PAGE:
Awaken The Giant Tour coming to Paddle For The Peace

FORT ST. JOHN, B.C. – A group of 45 members will travel from Vancouver to make the trek up north to participate in the Paddle For The Peace.

The group is called “The rolling justice bus”. The group with people from Vancouver Island and the lower Mainland will leave Vancouver on Thursday, July 7th and travel by bus to Fort St. John.

The group says they are proud to participate in the event.

“The Rolling Justice Bus community is proud to be supporting this celebration of the beautiful Peace Valley and the mighty river that sustains it.”

The RJB is also a part of another group called KAIROS. Also known as Canadian Ecumenical Justice Initiatives.It is “a organization concerned that construction of the Site C dam will violate Indigenous peoples’ rights and exacerbate ecological damage caused by previous dams.”

KIROS is calling on the Site C project to be halted and no more permits be issued.

“Accordingly, KAIROS is calling for construction on Site C dam to be suspended; that no more permits be issued for Site C dam until the Indigenous peoples, whose lands and ways of life will be affected, are able to exercise their right to free, prior and informed consent, in keeping with the UN Declaration on the Rights of Indigenous Peoples. KAIROS is also calling for a thorough, arms-length review by the BC Utilities Commission.”

Rolling Justice Bus spokesperson Janet Gray says this bus ride is extremely important, and also explains the meaning behind why it is called the “Awaken The Giant” Tour.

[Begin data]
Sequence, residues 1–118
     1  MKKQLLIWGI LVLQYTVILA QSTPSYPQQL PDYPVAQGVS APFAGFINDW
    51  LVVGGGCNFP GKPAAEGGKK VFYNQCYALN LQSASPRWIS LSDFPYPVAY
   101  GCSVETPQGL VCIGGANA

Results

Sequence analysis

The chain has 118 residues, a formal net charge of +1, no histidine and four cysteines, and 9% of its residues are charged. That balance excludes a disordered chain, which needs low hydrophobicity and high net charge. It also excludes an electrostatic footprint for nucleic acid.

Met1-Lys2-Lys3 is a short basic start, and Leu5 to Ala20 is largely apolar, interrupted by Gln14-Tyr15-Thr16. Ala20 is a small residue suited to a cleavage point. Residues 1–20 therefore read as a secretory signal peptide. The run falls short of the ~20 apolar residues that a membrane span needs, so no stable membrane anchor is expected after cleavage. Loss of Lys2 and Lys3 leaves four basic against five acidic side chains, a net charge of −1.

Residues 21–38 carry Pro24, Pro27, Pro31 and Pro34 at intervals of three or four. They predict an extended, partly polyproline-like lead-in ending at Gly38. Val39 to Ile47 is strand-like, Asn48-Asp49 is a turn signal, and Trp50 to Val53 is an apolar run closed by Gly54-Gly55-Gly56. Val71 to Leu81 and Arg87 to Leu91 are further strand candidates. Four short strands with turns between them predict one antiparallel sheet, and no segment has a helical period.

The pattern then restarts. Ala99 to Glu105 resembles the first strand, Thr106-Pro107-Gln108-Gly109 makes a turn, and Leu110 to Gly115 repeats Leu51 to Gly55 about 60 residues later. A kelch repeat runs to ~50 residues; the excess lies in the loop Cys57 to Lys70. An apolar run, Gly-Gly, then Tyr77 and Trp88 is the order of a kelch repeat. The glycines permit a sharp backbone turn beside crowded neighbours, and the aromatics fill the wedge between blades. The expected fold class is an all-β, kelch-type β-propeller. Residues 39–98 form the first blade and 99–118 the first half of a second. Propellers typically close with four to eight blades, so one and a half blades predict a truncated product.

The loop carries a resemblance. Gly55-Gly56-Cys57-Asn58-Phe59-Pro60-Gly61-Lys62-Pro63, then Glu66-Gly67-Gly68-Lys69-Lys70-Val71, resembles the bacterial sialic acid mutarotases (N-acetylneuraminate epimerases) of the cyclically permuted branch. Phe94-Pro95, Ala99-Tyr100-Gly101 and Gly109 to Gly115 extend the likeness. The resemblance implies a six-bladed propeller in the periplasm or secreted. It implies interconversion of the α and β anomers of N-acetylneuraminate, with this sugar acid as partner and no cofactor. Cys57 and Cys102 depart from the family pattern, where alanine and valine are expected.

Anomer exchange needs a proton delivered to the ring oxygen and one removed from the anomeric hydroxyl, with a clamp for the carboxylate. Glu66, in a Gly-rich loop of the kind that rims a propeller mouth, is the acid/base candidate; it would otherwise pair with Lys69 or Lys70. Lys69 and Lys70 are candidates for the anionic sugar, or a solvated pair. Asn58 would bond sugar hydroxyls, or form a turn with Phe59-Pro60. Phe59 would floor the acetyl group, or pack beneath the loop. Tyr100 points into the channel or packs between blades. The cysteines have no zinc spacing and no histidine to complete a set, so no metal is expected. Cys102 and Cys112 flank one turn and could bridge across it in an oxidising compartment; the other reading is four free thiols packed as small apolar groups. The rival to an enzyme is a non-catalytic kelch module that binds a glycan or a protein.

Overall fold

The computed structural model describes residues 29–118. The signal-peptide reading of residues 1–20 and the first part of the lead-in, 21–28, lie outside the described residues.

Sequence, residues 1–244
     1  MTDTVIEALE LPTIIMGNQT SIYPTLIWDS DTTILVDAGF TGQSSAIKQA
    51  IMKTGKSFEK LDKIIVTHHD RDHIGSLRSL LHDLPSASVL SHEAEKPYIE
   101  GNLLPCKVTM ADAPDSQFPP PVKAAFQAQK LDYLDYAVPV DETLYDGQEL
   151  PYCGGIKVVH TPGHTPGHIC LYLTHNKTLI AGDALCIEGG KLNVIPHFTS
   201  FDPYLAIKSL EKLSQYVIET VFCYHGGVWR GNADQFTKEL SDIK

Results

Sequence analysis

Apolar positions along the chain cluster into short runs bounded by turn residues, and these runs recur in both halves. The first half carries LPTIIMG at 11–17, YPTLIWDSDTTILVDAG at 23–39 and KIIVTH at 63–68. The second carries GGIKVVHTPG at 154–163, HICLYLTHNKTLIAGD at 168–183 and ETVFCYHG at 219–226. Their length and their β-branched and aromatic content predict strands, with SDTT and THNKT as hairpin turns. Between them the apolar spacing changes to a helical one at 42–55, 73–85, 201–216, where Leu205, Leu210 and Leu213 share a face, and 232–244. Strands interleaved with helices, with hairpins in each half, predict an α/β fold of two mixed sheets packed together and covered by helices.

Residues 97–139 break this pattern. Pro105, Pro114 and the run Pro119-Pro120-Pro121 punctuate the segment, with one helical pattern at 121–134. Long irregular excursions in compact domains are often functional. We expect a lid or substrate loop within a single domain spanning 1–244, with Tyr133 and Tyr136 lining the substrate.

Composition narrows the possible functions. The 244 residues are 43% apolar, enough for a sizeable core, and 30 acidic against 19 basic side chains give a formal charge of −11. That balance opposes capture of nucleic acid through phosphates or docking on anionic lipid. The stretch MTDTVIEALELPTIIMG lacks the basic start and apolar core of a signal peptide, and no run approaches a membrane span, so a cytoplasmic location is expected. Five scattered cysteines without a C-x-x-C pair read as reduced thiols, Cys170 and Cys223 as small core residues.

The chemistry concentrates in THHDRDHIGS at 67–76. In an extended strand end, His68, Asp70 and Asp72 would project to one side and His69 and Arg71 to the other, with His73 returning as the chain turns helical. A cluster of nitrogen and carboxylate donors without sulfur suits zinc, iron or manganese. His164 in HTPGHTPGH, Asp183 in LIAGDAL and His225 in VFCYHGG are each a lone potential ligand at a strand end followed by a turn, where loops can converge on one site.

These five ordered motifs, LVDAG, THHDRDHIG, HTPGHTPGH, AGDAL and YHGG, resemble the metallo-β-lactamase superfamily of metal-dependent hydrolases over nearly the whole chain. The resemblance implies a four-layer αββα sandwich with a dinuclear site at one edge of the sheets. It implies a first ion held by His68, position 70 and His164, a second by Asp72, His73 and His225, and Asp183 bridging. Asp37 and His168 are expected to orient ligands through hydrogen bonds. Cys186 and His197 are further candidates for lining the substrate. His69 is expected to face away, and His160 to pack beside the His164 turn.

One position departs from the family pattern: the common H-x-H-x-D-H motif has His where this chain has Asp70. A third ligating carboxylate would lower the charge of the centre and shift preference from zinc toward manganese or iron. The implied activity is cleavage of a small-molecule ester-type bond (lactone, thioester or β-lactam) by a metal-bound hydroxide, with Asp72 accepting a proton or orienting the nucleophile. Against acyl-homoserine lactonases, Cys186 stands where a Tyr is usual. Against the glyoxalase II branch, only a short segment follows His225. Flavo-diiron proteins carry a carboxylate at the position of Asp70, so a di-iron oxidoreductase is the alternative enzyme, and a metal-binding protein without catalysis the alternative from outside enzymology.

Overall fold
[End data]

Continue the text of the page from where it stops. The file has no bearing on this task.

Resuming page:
“We’re calling this journey to the Peace River the Awaken the Giant tour because we think that the people of BC haven’t been paying attention to what’s been happening in the northern part of our province over the past decade or so. The rapid industrialization of the north- fracking, LNG projects, pipelines, Site C dam construction- all of these initiatives represent a way of thinking about development and resources that disconnect us from the earth and from each other. Aboriginal and non-aboriginal communities are being divided by what government and industry are doing and the rest of BC remains silent. We think this must change. This is not just a local issue. If Site C proceeds, the financial burden it will place on BC Hydro will be shared by everyone. The people of BC are like a sleeping giant. Once awakened- once more of us better appreciate what’s happening in the north and the consequences for the entire province- the giant will rise up and use its strength and clear vision to build a new kind of economy for BC.”